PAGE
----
In this final part of our concertmaster conversation, David Danzmayr mentions that he sometimes steps back and leaves the orchestra to play segments of pieces alone, because thereare times that the conductor can just “get in the way.”
Fantastic Tormented Shostakovich
Listen to the Story
DMITRI SHOSTAKOVICH (1906-1975)
The Columbus Symphony plans performances of the Symphony no. 10 and the Piano Concerto no. 2 by Shostakovich this weekend. Gunter Herbig conducts and Jutta Czapski is the piano soloist.
It’s been exciting in recent days to listen to a lot of Shostakovich’s music, much of it new to me, in preparation for these concerts.
Shostakovich wrote his Tenth Symphony (there were to be fifteen in all) in 1953, just after the death of Stalin. The composer had found himself vilified by Stalin’s government twice. First in the 1930s following the successful premiere of his opera, “Lady Macbeth of Mtensk”. The story of the wanton Katerina Ismailova, who murders both her father in law and her lover’s mistress, enticed the public but enraged the dictator. Stalin was particularly incensed, so it was reported, by the cacophony of the trombones describing Katerina and Sergei very much in flagrante delicto.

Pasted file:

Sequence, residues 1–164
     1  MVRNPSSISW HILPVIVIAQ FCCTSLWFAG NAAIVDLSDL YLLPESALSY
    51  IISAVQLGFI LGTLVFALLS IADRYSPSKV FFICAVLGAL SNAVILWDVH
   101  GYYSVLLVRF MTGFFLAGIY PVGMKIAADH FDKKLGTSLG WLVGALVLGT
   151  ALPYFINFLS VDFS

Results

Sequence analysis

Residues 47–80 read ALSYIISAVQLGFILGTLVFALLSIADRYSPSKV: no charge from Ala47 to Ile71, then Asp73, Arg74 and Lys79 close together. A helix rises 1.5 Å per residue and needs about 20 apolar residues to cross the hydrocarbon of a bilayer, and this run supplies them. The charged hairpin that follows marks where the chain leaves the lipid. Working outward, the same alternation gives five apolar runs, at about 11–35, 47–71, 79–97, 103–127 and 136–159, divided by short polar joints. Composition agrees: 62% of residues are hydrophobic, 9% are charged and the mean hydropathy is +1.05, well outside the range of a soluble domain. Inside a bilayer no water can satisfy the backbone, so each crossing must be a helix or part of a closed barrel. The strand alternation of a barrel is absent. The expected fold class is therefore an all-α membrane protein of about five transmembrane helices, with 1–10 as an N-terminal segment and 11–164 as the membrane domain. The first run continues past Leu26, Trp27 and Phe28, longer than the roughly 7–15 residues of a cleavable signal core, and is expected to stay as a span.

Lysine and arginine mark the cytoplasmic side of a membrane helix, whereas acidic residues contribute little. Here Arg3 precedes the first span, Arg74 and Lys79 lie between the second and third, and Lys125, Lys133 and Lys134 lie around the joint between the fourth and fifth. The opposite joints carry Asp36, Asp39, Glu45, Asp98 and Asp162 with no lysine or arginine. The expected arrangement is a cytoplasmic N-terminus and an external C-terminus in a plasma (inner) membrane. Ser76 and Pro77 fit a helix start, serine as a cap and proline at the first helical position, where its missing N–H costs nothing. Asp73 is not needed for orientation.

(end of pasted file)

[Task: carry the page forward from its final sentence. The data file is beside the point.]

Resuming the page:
The opera was banned. Music was declared useless unless it served to “lift up” the people. Big choruses in praise of the worker and a lot of jingoistic junk were what was wanted, not abstract symphonic music which could mean whatever the public needed it to mean, without any possibility of outside control.
Shostakovich described the 10th Symphony as a biography of Stalin, especially the second movement. Listen and you’ll hear exactly what Shostakovich thought of the ruler of the Soviet Union and his government. The third movement is a tribute to the composer himself and to the young pianist Elmira Nazirova, who for a time served as Shostakovich’s muse.
I hope this broadcast will whet your appetite for more music by this fantastic, often tormented, composer.